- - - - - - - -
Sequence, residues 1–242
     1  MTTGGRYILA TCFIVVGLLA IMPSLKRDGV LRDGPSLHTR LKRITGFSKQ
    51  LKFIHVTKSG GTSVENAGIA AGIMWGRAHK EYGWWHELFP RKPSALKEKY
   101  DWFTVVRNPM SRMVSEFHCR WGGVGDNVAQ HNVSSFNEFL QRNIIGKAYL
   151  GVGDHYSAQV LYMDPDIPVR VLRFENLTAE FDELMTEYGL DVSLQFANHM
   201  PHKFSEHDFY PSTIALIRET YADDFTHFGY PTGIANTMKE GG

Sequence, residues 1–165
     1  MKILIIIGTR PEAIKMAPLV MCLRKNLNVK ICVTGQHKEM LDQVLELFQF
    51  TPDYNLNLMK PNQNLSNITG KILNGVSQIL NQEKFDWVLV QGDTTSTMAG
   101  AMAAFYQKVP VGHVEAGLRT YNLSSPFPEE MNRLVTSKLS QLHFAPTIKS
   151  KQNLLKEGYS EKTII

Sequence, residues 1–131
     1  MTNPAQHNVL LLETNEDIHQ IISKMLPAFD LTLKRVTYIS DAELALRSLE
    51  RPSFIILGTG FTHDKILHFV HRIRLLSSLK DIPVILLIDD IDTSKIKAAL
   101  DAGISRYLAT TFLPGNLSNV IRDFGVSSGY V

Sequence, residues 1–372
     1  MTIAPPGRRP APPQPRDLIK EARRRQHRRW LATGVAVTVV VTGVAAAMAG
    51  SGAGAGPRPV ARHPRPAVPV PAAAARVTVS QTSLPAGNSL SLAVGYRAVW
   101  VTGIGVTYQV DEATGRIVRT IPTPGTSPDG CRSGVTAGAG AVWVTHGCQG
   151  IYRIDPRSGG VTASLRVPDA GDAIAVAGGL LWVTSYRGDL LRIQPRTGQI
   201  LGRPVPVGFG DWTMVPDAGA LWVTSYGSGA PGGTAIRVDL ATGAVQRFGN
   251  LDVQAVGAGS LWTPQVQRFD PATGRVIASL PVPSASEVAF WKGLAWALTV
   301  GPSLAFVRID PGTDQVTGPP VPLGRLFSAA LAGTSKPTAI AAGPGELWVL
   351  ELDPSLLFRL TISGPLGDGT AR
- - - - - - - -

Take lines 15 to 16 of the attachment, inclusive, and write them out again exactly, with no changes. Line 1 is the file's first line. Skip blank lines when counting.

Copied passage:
   101  DAGISRYLAT TFLPGNLSNV IRDFGVSSGY V

Sequence, residues 1–372